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David Gilbert

Name given to a competition that awarded artists and composers with a funded period of study in Rome. Although awards with a similar name have been offered by Belgian, American and other academies, in music the term usually refers to the prize offered by the French Académie des Beaux-Arts.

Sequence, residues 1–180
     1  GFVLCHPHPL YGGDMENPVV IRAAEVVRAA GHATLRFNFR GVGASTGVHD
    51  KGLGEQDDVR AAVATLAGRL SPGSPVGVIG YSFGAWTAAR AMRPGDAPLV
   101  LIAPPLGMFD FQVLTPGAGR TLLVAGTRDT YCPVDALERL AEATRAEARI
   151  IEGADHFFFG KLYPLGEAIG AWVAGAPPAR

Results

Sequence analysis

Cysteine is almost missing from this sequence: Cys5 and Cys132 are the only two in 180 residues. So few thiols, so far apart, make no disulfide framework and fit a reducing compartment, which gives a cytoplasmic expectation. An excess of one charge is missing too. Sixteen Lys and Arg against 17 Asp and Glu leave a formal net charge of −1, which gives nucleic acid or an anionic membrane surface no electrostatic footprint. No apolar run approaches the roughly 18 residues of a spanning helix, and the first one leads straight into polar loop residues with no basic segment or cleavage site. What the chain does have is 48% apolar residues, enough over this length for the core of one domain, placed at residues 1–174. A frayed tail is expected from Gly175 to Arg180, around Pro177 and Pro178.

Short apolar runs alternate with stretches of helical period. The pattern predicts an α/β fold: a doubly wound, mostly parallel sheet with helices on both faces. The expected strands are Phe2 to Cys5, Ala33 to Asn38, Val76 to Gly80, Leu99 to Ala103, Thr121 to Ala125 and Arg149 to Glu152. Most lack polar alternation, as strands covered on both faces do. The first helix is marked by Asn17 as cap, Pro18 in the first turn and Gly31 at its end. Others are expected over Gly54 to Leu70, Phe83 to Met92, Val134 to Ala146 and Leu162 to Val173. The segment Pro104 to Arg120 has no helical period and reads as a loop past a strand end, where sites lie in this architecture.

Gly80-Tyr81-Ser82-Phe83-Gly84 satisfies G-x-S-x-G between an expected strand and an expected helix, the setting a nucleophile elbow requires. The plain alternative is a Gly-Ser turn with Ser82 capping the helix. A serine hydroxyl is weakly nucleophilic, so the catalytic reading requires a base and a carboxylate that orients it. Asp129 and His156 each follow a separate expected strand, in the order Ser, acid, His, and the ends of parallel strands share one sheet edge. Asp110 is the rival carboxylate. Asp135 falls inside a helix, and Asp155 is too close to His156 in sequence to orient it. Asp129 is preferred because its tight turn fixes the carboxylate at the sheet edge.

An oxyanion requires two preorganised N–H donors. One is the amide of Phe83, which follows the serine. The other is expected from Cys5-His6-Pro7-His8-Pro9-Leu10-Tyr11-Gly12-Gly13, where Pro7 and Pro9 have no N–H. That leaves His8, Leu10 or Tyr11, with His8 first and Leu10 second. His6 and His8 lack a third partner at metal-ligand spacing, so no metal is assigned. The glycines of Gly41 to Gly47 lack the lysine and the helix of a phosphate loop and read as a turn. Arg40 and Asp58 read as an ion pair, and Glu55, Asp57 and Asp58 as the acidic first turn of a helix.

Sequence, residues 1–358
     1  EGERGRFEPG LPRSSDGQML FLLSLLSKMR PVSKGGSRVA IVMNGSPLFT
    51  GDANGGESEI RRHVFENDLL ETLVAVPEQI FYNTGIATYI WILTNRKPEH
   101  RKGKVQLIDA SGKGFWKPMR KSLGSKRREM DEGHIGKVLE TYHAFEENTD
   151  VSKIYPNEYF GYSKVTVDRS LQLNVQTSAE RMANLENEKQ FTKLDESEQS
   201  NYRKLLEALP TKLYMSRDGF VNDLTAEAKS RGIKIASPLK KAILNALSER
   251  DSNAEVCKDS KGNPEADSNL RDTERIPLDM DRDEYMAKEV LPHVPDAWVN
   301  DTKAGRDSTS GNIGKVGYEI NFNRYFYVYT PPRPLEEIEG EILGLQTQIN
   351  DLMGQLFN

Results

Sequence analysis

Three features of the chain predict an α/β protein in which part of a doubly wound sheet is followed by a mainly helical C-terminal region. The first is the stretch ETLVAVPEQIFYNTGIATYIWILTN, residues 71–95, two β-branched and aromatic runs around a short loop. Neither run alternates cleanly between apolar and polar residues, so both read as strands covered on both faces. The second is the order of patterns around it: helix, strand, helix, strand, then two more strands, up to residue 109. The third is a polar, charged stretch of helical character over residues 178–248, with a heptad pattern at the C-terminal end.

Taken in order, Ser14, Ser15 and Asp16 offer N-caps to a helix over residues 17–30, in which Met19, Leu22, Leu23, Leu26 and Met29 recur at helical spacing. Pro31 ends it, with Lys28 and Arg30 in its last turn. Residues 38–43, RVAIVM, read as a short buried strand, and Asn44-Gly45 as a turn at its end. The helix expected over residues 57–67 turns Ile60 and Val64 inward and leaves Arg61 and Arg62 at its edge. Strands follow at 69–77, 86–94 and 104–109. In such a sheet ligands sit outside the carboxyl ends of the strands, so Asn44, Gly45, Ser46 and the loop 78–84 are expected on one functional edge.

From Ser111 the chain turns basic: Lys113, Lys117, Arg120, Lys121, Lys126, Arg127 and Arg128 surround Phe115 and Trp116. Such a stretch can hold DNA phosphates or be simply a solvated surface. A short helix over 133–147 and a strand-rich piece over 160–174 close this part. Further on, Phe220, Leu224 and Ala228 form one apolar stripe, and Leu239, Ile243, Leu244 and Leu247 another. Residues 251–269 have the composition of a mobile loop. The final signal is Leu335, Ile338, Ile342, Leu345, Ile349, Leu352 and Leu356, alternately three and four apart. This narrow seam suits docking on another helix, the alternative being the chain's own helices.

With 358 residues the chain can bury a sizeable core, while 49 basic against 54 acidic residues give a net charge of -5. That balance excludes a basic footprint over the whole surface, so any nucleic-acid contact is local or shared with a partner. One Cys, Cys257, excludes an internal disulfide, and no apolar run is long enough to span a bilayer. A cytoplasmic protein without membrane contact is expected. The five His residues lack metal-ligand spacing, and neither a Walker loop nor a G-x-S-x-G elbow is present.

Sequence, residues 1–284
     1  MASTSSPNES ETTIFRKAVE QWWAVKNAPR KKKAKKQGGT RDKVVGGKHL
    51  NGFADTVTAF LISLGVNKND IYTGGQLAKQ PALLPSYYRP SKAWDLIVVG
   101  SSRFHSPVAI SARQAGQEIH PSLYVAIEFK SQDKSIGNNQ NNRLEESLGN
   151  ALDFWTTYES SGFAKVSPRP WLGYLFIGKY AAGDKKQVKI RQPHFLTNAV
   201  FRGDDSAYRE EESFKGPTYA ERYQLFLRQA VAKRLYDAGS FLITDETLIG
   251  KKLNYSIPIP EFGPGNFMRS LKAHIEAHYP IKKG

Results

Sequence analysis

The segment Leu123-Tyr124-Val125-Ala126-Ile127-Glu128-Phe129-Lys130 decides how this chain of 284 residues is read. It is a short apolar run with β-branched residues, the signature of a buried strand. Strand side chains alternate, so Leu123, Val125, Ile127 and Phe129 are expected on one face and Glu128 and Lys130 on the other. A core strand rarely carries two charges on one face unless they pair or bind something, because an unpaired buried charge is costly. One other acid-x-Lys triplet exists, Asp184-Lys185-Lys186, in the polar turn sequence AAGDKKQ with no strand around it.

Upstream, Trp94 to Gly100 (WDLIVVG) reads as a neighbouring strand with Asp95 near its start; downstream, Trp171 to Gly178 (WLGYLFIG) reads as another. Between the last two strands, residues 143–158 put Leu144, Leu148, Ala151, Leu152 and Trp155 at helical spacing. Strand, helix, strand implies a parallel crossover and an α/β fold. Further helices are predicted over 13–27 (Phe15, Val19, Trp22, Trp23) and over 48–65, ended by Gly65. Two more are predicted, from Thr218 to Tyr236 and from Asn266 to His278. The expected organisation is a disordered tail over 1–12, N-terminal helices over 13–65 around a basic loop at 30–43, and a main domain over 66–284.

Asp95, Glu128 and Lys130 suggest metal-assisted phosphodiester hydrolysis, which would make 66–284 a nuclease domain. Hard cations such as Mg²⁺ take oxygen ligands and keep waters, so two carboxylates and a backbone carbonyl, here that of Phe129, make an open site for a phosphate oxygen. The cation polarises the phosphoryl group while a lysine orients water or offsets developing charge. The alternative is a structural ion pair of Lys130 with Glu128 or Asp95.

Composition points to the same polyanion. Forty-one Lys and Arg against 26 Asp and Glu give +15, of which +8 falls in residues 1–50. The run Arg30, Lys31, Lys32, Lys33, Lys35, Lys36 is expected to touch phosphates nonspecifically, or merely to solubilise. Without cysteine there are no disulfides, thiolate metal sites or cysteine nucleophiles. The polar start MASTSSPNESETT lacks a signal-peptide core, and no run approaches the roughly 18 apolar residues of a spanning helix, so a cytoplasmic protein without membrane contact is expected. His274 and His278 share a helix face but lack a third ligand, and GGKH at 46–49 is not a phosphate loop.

The contest was held annually from 1803 to 1968, suspended only during the two world wars. It was organized and judged by the music section of the Académie des Beaux-Arts, although during the Second Empire (1864–71) it was administered by the Paris Conservatoire. While prizes in painting, sculpture and architecture had been offered throughout the 18th century, a music prize was authorized only when the Institut National and its constituent academies were reorganized by Napoleon in 1803. The prizes were funded by the French government with the aim of fostering French culture. The Prix de Rome in music endured the revolutions, monarchies, empires and republics of the 19th and 20th centuries, but not the student uprisings of the 1960s, after which it was abolished....